- Ballot Measures
- Public Opinion
2012: California’s “Year of Reform”?
Will 2012 be the long-awaited “Year of Reform” for California government? What are the prospects for changing the form and function of our state constitution, to make government work for all Californians? What specific proposals to reform Golden State governance are coming to the ballot in the June and November, 2012 elections, and what do voters need to know about them? This website, a collaboration by the nonpartisan, nonprofit group Next 10 along with professors and librarians from the University of California, gives you the tools to become an expert on the ballot propositions and share you knowledge with friends and family.
First, here’s a quick recap of reform proposals and progress over the past few years:
2010: Initiative-by-Initiative Reform
- The popular movement for a comprehensive constitutional convention, led by the “Repair California” group, collapsed when its supporters failed to raise the money needed to put an initiative calling the convention for the ballot (and when the companies which employ signature-gatherers for initiatives threatened to boycott them, fearing that a convention might spell the end of the initiative system!). Read more at http://www.calwatchdog.com/2010/03/18/new-failed-convention-post-mortem and http://www.santacruz.com/news/2010/05/28/how_repair_california_was_sunk
- With so many Californians dissatisfied with government, voters supported a series of propositions making one reform at a time, put on the ballot by legislators and by interest groups with different – and often competing – agendas. All told, five constitutional amendments passed:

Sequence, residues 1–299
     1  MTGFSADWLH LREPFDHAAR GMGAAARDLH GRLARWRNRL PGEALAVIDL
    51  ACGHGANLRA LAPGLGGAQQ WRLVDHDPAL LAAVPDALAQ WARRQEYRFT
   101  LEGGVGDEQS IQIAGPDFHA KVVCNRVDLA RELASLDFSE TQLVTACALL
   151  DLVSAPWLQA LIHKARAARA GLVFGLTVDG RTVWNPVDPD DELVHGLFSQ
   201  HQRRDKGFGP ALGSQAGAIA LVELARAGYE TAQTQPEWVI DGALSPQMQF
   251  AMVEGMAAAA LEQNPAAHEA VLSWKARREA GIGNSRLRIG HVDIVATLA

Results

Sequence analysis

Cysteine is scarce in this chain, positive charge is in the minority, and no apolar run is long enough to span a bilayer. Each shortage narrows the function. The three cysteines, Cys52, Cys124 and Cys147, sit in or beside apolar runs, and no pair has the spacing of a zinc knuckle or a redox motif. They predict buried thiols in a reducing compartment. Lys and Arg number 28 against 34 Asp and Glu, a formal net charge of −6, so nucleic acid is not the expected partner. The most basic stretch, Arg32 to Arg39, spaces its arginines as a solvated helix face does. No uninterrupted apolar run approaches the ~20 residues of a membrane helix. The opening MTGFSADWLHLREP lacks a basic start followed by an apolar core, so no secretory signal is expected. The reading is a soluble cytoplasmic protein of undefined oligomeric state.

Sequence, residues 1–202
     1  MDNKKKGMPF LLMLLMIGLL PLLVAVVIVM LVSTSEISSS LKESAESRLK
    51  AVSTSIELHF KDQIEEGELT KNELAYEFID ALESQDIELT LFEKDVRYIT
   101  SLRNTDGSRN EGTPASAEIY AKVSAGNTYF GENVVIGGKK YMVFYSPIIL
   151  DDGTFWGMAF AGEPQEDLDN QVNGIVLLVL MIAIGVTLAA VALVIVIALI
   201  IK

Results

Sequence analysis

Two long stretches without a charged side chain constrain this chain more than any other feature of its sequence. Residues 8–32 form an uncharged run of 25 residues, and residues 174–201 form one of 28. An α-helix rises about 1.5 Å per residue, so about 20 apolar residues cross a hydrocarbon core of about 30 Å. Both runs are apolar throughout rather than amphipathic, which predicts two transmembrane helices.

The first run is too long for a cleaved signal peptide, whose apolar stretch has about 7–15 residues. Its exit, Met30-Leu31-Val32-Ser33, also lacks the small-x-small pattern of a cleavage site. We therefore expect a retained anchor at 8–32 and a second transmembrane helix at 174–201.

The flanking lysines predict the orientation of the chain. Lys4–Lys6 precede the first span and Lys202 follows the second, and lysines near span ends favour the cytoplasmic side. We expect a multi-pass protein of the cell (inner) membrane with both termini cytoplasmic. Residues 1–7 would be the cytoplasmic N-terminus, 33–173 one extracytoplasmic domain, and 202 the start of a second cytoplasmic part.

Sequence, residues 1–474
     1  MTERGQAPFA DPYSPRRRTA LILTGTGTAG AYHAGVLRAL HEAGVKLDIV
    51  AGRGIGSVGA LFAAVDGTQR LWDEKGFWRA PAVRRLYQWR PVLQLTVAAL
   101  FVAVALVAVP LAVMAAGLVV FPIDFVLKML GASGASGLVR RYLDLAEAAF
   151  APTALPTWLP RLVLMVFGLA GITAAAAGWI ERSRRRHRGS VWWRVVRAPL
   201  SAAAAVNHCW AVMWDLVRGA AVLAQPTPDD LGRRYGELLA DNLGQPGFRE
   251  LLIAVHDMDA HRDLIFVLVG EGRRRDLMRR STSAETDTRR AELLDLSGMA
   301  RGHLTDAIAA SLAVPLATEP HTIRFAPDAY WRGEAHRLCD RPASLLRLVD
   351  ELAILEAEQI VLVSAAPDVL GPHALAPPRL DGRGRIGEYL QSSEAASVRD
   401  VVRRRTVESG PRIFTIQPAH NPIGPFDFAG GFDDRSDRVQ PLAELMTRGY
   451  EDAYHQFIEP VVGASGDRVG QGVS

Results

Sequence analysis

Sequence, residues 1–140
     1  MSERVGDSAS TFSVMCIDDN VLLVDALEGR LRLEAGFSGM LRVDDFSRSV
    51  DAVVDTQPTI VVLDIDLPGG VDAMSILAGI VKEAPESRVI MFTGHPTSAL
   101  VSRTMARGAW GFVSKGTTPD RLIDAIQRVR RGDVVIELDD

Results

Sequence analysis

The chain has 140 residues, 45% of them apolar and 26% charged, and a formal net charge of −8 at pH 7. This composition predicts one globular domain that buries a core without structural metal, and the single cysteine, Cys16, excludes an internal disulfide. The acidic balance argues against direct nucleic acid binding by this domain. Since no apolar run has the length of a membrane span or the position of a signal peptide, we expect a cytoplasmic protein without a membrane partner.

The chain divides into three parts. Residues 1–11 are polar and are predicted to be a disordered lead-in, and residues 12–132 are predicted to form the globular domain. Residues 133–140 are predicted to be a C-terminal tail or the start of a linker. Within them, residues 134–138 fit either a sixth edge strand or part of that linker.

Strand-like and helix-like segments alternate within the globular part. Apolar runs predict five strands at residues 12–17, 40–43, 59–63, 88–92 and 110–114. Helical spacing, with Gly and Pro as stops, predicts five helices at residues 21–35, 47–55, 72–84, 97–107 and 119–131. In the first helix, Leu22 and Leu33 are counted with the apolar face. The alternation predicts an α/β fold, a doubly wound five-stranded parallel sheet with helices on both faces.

- Prop. 14, which created the new “top-two” rule for primary elections
- Prop. 20, which gave the new Citizens Redistricting Commission the power to redraw congressional as well as state district lines
- Prop. 22, which prohibited the state from cutting funding to local governments even in financial emergencies
- Prop. 25, which allowed the legislature to pass a budget with a simple majority vote rather than by a 2/3 margin
- Prop. 26, which required a 2/3 vote, rather than a simple majority, for the legislature to impose certain types of fees
2011: New Groups Take the Lead
- In June of 2012, reform groups from across the political spectrum collaborated to hold the “What’s Next California?” deliberative poll, something like a mini-constitutional convention. A random sample of over 400 average Californians spent a weekend together in Torrance discussing and debating reform, and then voted on a series of proposals. You can watch a PBS documentary on the weekend here.
- The nonpartisan group California Forward, one of the groups collaborating on the deliberative poll, held other meetings up and down the state with thousands of Californians to help develop a series of reform ideas to take to the ballot.
- The blue-ribbon Think Long Committee brought together many of the state’s most prominent government and business leaders to produce “A Blueprint to Renew California”.
2012: The Year of Reform?
- Again, California voters will consider a series of ballot propositions that would amend the constitution to change the operation of our government. Compared with 2010, more of these proposals represent compromises backed by broad coalitions, although there are still some competing measures and fractious fights. They include:
- Prop. 28 in the June 2012 election, a measure backed by labor and business groups from Los Angeles which would amend state legislative term limits by cutting them from 14 to 12 years in total, but allowing legislators to serve all of that time in one house.
- A package of budget reforms backed by California Forward and the Think Long Committee, and supported by participants in the What’s Next California? deliberative poll.
- Rival tax plans supported by Governor Jerry Brown and by civil rights attorney Molly Munger.
As initiatives qualify for the ballot, this website will provide you with the clear, unbiased information that you need to make up your own mind, as well as a web tool that allows you to email your recommendations and resources to friends and family.